The question is always asked: Which wine pairs best with turkey and the typical accompaniments of a Thanksgiving or Christmas dinner?
The answer has evolved over the years and is now: whatever you typically fancy. Yes, there are classic wine pairings to be had with the traditional fare – pinot noir for red and viognier for white. The reasoning is pretty simple. The classic meal is not flamboyant, spicy or full of fat, and these two wines will not overpower the meal but quietly accompany the feast.
However, with years of vinous autonomy, it has become more apparent that not everyone likes pinot noir or viognier and that cabernet sauvignon, sweet riesling, pinot grigio and zinfandel will work just fine – that is, with a few hints to aid in the plating of the grandiose meal.
Typically, cabernet sauvignon pairs best with a hearty steak such as a ribeye or a New York. The heavy tannins (think cat’s tongue) that cabs are known for are smoothed out by fat. Turkey doesn’t offer the meal much fat, but the gravy certainly does. If you are the classic cabernet connoisseur, it’s helpful to use a bit more gravy over the bird, mashers and stuffing.
There aren’t nearly as many zinfandel fans as there are cabernet fans, but zinfandel certainly is an excellent wine to match with cranberry sauce. Albeit, these wines will also overpower turkey, but to help them marry better, it’s best to add extra cranberry sauce to the turkey, stuffing and mashed potatoes. Ripe fruit forward wine with ripe fruit – voilà, perfect pairing!
For white wine lovers, all options can work. As before, there are ways to fix the pairings of wines that don’t naturally match up with what you’re eating. In general, however, viognier and creamy, oaky chardonnays are best suited for the meal. The supple nature of these two varietals harmoniously complement the traditional dishes.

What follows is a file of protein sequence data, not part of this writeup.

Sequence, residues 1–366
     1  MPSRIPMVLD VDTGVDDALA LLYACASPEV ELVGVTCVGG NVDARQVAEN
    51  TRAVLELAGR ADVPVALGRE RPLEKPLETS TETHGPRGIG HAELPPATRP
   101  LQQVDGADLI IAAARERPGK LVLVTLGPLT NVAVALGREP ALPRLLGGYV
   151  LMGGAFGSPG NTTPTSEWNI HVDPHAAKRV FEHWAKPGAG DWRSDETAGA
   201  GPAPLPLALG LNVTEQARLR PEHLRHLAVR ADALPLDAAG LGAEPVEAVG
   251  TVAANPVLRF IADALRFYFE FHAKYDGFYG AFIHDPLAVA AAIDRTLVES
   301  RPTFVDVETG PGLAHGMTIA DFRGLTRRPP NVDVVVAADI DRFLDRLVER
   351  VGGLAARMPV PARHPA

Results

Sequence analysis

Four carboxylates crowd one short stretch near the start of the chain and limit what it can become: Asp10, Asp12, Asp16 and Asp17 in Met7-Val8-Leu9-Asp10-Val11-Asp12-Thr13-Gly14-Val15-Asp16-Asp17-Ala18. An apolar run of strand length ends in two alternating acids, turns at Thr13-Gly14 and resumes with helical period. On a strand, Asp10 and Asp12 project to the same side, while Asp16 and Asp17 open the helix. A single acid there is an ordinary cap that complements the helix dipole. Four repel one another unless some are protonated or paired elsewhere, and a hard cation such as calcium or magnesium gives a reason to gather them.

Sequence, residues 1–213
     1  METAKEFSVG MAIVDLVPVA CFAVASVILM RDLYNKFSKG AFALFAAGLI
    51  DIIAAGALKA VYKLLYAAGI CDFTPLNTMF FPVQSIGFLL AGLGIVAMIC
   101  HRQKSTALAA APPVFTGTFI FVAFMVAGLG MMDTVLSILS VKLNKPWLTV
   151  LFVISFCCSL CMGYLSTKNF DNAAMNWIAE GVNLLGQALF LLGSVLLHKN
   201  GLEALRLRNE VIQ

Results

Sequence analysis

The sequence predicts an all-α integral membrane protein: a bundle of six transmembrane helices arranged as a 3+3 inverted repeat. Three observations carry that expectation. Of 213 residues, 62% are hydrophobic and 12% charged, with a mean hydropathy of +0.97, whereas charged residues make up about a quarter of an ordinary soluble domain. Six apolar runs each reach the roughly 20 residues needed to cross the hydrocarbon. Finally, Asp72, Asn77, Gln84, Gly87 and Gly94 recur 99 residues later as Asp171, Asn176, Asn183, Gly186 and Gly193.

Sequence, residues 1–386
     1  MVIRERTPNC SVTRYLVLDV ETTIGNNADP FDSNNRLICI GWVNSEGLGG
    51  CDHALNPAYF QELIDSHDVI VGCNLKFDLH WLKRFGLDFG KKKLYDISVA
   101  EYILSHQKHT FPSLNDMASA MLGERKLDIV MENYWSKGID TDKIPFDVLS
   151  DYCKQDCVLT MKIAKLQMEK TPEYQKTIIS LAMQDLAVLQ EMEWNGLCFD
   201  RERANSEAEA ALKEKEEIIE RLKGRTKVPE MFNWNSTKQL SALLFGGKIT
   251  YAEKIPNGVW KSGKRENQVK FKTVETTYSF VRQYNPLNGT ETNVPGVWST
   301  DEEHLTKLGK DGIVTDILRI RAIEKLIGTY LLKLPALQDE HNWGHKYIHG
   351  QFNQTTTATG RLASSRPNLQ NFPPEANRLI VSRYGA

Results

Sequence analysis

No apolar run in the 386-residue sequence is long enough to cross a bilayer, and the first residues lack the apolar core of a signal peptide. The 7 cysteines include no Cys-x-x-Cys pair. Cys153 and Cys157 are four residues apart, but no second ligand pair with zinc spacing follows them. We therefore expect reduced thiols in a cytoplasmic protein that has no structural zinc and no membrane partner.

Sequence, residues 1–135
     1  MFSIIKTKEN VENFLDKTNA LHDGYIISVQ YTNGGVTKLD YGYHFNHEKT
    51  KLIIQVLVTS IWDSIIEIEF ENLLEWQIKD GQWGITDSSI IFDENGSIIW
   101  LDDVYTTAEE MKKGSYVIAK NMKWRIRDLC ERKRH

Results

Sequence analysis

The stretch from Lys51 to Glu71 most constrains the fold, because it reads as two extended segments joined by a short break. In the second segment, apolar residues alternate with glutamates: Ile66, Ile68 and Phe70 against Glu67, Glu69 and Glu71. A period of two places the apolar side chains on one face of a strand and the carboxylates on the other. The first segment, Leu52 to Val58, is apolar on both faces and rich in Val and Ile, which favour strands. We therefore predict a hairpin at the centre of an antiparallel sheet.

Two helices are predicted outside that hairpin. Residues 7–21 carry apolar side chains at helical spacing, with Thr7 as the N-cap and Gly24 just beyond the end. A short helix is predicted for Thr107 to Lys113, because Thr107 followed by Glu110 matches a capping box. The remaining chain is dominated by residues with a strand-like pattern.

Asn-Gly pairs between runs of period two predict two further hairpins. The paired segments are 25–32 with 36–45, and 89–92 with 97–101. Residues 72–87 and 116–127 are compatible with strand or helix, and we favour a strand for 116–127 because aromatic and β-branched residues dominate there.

Clean, crisp white wine and rosé drinkers are also in great shape. Depending on the acidity of your crisp white or rosé, there are simple aids to better the pairing. For New Zealand sauvignon blanc drinkers, adding extra salt or gravy to the plate may help balance out the high acidic nature of those wines. Most pinot grigios and rosés will be great because of their softer-than-sauvignon-blanc acids. Lovers of sweeter whites will benefit from the addition of cranberry sauce. Oddly enough, sweet wines benefit from sweet fruit, with both elements canceling out each others sweetness – a fascinating anomaly.
As for the grand finale of pumpkin and pecan pie, look no further than a classic tawny port. These amber-colored, aged dessert wines pair magically with the earthy sweet flavors of the classic dessert pies.
Alan Cuenca is an accredited oenophile and owner of Put a Cork in It, a Durango wine store. Reach him at firstname.lastname@example.org.